Now there is another bill to withdraw one million acres all together in that area from ANY mining. So there is something REAL to worry about.

Bob

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all the nuts and greenies and they wont stop at that. ron

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Time for a CIVIL WAR! not one with words, one with lead. Grubstake

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Two Republicans from the House Natural Resources committee along with the National Mining Association criticized the order, saying that it would make the United States more reliant on imported uranium, hampering attempts to increase the use of nuclear power.

My question is pretty simple, Where in the hell were these people when the Department of Defence stole our claims from us. Yes you heard right. They can conplain all they want and take the matter all the way to the Supreme Court in DC. BUT, if the Department of Defence declaires it a National Security Issue, it all becomes null and void. You lose everything and the courts cannot help.

I know from personal experience.

OL'29er :coffeetime: :Huh_anim]:

You guys being the experts I need to ask a couple of questions.

1. I know it sounds like a conspiracy theory, but doesnt this sound similar to the dredging in Cali? Now here me out. First they studied the situation then they said no more right? So do you think that stopping the permits for Uranium mining in a ecologically sensitive area, is playing to the heart strings of the Greenies, to lay a foundation? A foundation that could be carried further to other minerals? Silver and Gold operations (the big ones) use chemicals too right?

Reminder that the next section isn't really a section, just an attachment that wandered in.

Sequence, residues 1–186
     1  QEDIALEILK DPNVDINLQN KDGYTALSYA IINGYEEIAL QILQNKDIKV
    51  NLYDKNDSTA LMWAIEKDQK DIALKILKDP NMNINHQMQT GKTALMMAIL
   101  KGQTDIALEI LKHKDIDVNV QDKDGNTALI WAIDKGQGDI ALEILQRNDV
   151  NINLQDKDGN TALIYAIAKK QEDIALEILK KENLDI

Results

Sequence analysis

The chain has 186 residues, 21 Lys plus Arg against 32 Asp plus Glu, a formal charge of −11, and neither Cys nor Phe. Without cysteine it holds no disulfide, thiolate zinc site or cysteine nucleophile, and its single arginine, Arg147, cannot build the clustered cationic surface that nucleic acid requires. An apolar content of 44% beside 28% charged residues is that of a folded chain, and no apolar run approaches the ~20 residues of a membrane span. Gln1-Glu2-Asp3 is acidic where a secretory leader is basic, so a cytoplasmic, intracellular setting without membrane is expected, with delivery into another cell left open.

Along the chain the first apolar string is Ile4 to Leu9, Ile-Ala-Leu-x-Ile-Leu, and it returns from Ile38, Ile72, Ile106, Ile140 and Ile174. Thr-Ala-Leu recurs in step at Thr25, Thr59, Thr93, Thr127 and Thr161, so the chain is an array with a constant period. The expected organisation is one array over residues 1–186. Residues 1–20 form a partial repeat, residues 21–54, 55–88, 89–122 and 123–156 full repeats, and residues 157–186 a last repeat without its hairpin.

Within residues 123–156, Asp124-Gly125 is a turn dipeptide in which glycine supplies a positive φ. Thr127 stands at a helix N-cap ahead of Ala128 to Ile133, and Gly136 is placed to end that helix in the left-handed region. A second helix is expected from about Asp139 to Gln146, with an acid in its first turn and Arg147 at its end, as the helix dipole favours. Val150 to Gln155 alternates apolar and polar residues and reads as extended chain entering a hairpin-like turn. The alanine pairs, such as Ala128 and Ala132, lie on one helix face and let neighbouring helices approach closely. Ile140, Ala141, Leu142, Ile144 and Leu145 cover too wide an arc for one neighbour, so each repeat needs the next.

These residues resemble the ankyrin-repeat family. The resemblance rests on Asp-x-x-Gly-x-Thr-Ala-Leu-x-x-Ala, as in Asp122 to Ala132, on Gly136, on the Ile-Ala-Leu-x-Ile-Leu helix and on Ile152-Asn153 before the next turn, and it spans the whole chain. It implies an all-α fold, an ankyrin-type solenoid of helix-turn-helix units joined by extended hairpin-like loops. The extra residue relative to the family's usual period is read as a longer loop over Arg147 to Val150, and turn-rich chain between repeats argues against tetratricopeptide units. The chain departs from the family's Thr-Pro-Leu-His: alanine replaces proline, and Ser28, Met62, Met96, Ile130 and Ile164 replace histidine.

2. And this is more of an echo from 29... But does anyone think that crap and trade, has to do with this? Knowing the nuke plants are a safe reliable source of cheap energy, would hurt the amount of money to be made from crap and trade and also hurt GE's pocket book with all the money they have invested in solar and wind technologies.

Given todays job market, I guess I have to ask a question that I have in my mind...Does anyone know if we have a greenie czar that will make sure that ALL green technologies and materials, get processed and assembled in America? I have heard that its supposed to add jobs, but I havent heard how.

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The article did not state what the evidentiary basis was, if any at all -- probably none at all -- for invoking emergency powers. The logic seems to be: (1) The fact is that uranium prospectors who are trying to eke out a living are currently staking claims on BLM lands near the Grand Canyon National Park to extract valuable minerals. (2) Aesthetic opinions (there are no such things as aethetic "facts") are that the lands lying outside of the Grand Canyon National park (but near to it) should not be disturbed by accepting new uranium discovery claims. (3) Therefore, as Secty of the Interior, I invoke my emergency powers to suspend the Mining Law of 1872 for 2 years [and hopefully during those 2 years I might discover some facts to justify my decision]. What a crock! Why not just make all BLM land into a national park and get it over with.